The only force that can definitely end this war before the Israeli leaders decide to end it themselves, is working class people worldwide. There have been magnificant anti-war demonstrations across the globe. In Israel, Jewish people and Israeli Palestinians have jointly demonstrated against the war, despite them having a minority standpoint in Israel at this stage. Norwegian rail workers briefly stopped all trains in Norway in a political strike against the war. If mass demonstrations are escalated internationally and workers' actions such as in Norway are initiated and stepped up, governments can be forced to act.
Desire to punish the Israeli regime for its terrible aggression can fuel calls for a consumer boycott of Israeli goods and institutions. The example of the international boycott of the South African apartheid regime is sometimes given.
However, it was a mass movement of black South African workers that ended apartheid and not the boycott. Neither is a boycott aimed at Israel likely to have a decisive impact, for a variety of reasons, including that Israeli big business operates in the Middle East and across the globe through many subsidiary companies, often deliberately to hide Israeli identity, especially when doing deals with Arab or Muslim companies.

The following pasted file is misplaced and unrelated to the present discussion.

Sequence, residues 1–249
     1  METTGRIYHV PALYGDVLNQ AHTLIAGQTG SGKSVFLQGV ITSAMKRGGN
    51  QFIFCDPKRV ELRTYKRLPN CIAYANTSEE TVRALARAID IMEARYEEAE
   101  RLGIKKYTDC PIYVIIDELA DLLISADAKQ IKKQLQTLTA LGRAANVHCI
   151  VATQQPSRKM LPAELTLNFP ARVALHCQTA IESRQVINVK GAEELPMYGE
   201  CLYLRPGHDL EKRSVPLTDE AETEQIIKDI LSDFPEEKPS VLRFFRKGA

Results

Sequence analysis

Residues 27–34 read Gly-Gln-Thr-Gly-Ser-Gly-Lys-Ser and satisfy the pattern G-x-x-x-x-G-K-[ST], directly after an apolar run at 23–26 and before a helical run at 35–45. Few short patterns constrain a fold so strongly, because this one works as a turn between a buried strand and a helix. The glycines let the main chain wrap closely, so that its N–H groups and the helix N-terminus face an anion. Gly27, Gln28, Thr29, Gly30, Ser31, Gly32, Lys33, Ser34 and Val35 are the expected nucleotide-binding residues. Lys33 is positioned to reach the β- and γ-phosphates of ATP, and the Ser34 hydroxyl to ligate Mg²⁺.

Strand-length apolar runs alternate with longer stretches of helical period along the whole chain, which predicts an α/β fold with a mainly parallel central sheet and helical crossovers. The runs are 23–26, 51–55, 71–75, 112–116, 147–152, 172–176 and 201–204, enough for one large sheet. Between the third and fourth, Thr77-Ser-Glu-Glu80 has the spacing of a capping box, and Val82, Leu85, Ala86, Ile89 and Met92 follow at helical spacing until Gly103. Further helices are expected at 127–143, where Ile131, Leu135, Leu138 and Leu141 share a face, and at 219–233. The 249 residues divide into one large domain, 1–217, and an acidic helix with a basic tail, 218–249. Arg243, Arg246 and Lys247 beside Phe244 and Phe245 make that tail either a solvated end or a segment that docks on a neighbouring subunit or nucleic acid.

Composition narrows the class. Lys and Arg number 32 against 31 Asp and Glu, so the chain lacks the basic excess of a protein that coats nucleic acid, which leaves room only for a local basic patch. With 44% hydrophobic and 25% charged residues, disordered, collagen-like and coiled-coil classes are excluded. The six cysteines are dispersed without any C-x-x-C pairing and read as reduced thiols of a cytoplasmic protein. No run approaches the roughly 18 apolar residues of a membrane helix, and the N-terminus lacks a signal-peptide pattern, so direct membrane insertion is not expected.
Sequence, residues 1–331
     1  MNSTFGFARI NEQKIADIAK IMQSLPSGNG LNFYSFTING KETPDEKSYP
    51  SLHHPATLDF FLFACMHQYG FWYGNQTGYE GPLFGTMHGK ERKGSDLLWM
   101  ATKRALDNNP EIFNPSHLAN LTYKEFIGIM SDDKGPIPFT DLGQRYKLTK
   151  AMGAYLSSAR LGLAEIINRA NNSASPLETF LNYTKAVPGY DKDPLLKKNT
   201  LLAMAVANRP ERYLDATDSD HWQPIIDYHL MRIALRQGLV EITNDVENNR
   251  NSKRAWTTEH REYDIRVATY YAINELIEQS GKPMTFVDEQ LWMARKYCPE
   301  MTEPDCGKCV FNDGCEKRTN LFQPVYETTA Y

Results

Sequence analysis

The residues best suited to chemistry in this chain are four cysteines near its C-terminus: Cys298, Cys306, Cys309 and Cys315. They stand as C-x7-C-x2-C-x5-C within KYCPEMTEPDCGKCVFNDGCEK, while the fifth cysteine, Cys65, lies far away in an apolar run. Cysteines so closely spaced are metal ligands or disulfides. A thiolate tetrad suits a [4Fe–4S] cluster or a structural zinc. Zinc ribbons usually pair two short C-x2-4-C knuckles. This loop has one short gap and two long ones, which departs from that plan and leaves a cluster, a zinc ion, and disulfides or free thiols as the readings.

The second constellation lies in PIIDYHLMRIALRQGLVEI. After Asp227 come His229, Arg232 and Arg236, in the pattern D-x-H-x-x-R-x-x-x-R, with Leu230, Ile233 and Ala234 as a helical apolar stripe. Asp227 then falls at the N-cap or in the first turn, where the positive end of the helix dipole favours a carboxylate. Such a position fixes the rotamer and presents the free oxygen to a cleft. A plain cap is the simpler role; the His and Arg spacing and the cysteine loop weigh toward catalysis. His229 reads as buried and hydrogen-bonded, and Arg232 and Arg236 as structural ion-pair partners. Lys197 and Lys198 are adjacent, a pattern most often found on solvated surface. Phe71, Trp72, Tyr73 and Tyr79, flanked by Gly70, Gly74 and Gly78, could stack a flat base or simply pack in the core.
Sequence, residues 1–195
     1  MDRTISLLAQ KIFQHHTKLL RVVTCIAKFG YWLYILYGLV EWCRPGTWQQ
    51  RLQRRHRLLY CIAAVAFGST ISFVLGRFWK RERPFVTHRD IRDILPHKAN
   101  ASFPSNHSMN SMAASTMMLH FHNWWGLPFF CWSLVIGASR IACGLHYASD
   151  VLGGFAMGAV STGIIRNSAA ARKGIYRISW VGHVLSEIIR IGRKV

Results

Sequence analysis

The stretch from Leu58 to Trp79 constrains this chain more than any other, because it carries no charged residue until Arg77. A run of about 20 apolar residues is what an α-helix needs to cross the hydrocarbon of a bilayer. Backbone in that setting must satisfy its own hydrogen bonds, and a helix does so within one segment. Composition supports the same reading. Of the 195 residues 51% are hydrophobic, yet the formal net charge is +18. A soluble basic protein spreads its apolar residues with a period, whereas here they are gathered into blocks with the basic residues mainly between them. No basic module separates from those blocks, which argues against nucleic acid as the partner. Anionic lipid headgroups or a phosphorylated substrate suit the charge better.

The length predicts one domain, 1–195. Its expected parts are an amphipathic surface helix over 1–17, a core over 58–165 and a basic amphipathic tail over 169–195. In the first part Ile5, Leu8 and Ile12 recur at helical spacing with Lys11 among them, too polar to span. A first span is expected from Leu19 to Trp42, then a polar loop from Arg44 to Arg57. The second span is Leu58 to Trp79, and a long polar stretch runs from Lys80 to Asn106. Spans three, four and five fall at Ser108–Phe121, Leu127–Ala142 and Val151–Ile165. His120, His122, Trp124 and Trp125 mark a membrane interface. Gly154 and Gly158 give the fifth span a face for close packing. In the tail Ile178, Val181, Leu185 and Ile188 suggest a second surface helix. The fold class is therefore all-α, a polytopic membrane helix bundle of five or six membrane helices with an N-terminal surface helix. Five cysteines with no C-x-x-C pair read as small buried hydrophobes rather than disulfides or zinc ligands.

Also such boycotts play into the hands of the Israeli ruling class; it can use them to alienate Israeli workers from workers internationally, and draw Israeli workers behind its right-wing agenda. Boycott calls often originate from organisations that oppose the existence of Israel, which aids the propaganda of Israeli capitalism.
More effective would be for workers internationally to prevent the export to Israel of the arms, aircraft and bulldozers that are being used in the occupied territories. This should be coupled with support for Israeli workers' struggles against attacks on their living standards, because the route to removing the Israeli ruling class and its successive governments that repress the Palestinians, is through the development of the Israeli workers' movement.
The Israeli government is strong militarily but has been mired in corruption and division and is very weak in its social base; no Israeli political party has solid, wide reaching support. A new workers' party is urgently needed in Israel that can put forward a socialist programme in the interests of working class Israeli Jews and Palestinians.
Signs of division over whether to continue or end the Gaza invasion have emerged at the top of Israeli society. The main decision-makers disagree with each other on how far to go and on what the next steps should be.
They cannot wipe out Hamas but they would like to remove it from power, which they could do militarily. However, who will then run Gaza in the short term? An Israeli occupation authority, at huge expense and constant loss of Israeli life? An imposed Palestinian Fatah regime, which would be viewed by many Gazans as collaborating with the Israeli state?